Commercial Classroom: You don’t know what you don’t know! - by Edward Smith

October 03, 2017 - Long Island
Edward Smith, 
Smith Commercial Real Estate

This column is offered to help educate agents new to commercial and investment brokerage and serve as a review of basics for existing practitioners. 

You can’t just dabble in commercial and investment properties; you need to know what you are doing. Unfortunately, we see some residential agents trying to service a commercial real estate opportunity without being properly trained. Sometimes agents don’t realize how different commercial transactions are; without the right education they may end up unable to help their client, or exposing themselves and their firm to liability.

In most states, the “Laws of Agency” are basically the same. It must be made clear to the consumer who you are working for and you have fiduciary duties including disclosure and reasonable care. What do you have to disclose? Everything! This means you need to know what is going on in your market area. Put another way, “You should have known.” 

An agent listed a 2,000 s/f building on an acre of land. The buyer asks, “Can I expand the building?” Agent looks at all this land and says “Sure.” The agent never checked the zoning for; buffer zone, setbacks, variances, does not know the floor area ratio (FAR) or parking requirements etc. If you don’t know what some of these things are, that’s the point.

Reasonable care includes performing financial analysis and valuation; basically you must know your market area. That means knowing what other commercial properties are on the market and what has sold or leased. From a practical point of view, an agent lists one commercial property, a buyer is meeting him or her to view it and upon arrival says, “On my way here I noted a vacancy on Main St., what can you tell me about that building?” You need to know what is going on in your market. A new shopping center has just been approved, and construction will start soon. Does this make your clients property more or less valuable?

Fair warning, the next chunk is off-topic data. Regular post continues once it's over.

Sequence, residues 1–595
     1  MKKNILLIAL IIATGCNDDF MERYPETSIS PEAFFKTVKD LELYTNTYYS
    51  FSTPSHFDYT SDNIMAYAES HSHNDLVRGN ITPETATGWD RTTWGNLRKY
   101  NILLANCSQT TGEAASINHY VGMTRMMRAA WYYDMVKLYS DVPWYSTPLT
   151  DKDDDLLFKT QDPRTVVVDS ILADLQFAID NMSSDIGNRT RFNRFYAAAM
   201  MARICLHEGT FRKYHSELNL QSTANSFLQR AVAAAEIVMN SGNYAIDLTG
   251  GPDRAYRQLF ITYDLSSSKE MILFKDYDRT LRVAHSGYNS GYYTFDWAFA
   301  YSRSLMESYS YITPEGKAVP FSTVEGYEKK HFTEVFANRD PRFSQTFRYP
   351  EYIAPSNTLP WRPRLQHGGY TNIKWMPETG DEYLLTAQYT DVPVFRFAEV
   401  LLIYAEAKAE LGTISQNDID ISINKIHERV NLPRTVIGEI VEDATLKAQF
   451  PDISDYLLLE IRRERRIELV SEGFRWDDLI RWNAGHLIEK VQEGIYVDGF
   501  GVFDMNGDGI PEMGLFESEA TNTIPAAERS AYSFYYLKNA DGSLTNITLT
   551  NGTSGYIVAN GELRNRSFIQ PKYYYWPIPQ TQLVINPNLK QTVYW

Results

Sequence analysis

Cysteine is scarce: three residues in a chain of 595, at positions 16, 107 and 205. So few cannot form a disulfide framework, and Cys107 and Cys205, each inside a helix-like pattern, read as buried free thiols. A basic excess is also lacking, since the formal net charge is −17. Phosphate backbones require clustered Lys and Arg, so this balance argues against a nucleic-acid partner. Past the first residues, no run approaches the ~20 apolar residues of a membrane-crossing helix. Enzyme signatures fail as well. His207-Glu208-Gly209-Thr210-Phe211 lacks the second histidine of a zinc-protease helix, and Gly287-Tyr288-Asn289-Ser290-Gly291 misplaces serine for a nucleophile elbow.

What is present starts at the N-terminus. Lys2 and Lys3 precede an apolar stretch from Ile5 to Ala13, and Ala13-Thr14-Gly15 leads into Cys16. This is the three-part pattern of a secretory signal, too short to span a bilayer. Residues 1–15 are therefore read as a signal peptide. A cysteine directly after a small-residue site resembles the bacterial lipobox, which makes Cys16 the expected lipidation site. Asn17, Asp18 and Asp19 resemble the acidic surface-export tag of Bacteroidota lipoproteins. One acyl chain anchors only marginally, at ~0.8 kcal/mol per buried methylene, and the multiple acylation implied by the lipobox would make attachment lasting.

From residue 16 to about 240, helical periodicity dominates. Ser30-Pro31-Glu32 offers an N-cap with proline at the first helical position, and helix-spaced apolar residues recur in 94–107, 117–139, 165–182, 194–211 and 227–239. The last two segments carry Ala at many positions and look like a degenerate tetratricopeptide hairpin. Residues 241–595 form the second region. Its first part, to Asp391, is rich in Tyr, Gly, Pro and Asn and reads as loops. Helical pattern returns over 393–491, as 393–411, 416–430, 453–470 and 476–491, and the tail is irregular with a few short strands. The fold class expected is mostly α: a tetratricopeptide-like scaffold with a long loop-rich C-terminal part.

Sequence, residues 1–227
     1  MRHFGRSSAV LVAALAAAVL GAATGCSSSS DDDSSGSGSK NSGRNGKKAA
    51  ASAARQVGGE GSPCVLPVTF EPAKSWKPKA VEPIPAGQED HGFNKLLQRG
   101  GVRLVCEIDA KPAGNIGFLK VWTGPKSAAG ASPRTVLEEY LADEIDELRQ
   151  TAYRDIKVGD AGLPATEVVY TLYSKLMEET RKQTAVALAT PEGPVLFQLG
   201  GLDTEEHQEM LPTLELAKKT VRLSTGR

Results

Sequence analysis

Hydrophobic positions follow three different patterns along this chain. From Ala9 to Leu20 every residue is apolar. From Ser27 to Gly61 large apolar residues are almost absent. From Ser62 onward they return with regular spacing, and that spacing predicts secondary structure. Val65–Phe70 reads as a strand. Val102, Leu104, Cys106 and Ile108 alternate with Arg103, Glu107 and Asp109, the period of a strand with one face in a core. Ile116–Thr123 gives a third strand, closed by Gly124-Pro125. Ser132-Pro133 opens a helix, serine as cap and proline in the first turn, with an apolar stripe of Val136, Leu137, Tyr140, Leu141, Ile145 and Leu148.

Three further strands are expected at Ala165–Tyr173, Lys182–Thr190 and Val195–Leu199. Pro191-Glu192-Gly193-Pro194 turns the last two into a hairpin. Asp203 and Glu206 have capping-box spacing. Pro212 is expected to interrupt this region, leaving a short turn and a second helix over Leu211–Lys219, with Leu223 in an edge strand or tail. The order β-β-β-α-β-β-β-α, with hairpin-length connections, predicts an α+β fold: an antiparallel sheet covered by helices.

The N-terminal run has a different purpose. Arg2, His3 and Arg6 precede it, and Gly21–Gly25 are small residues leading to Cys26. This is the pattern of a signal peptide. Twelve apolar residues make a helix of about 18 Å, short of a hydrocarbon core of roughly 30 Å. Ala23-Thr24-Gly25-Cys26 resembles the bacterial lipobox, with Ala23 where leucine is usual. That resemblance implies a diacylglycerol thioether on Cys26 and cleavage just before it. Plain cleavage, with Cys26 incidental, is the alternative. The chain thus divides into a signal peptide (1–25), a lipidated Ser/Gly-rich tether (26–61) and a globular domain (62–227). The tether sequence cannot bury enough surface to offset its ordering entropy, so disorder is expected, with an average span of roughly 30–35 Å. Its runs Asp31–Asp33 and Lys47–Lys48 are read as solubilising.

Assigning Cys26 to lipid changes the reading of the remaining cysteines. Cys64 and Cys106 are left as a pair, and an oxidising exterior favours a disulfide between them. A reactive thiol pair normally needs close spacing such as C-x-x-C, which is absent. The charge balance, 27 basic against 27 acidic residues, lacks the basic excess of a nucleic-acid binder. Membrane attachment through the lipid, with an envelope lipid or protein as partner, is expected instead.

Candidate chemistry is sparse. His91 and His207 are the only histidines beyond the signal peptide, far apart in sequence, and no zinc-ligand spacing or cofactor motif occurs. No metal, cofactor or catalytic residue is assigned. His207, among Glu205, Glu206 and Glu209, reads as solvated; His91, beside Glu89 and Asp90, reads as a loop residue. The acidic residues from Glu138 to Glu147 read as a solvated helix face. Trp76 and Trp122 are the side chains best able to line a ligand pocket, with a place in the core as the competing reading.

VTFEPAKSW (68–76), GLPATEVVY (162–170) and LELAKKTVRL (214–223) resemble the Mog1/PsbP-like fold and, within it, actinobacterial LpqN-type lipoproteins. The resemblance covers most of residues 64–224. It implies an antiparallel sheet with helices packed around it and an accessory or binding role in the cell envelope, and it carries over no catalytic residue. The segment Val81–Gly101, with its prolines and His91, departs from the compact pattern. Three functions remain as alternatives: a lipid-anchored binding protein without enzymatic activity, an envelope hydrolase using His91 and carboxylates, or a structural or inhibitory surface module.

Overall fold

How do you measure commercial buildings; landlords expect to be paid for every square inch of their buildings. In office buildings the thickness of the exterior walls are considered structural and are excluded from measurements. Tenants will exclusively occupy a part of the building, with space being measured from the inside of the walls, called usable, a/k/a net or net usable s/f. They will pay rent based on the rentable, a/k/a billable or gross s/f, which includes their usable s/f plus their proportionate share of the common areas (atriums, foyers, corridors, including the thickness of the corridor walls, public rest rooms and other areas). Retail and industrial space is measured from the exterior of the building and includes the thickness of the exterior walls. If adjoining another unit half the thickness of the dividing wall is allocated to each tenant. This is referred to as the gross s/f and this is what the tenants rent is based upon.

Working in the commercial market requires knowing the terms and the formulas. What is a loss factor or core factor? How do you convert usable s/f to rentable s/f? From a financing perspective, what is loan to value or debt service ratio and how do you calculate them.

Investment properties require additional skills: Operating  statements, financial analysis, cash flows and spreadsheets; how to determine net operating income, value, internal rate of return, net present value. What do you know about capital gains taxes and 1031 exchanges?

Learning about the different types of leases, the key lease clauses and what needs to be negotiated by the agents before the attorneys can draft a lease are essential. “Green” has many perspectives from greenhouse gases, climate changes carbon emissions, to the impact of energy efficiency on the operating costs and value of buildings; plus now we have green leases.

Yes, there is a lot to learn to prepare an agent to do commercial and investment property transactions. If your company does not have an in-house commercial training program, seek out training courses at local Boards of Realtors or colleges or find an experienced commercial agent willing to mentor you. Now you have some idea of what you need to know.

Edward Smith, Jr., CREI, ITI, CIC, GREEN, MICP, CNE, is a commercial real estate consultant, instructor and broker at Smith Commercial Real Estate, Sandy Hook, CT.


Add Comment

More from the New York Real Estate Journal